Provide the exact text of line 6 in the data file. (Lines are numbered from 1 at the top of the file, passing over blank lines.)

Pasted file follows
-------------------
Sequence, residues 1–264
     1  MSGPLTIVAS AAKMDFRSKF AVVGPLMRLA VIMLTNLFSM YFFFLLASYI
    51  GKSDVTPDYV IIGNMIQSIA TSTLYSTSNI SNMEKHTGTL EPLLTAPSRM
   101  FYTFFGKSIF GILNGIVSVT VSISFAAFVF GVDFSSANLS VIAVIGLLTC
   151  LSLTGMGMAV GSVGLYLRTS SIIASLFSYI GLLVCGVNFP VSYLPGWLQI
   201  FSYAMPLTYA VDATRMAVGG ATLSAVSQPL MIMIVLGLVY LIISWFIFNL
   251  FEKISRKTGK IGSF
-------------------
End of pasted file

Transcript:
   201  FSYAMPLTYA VDATRMAVGG ATLSAVSQPL MIMIVLGLVY LIISWFIFNL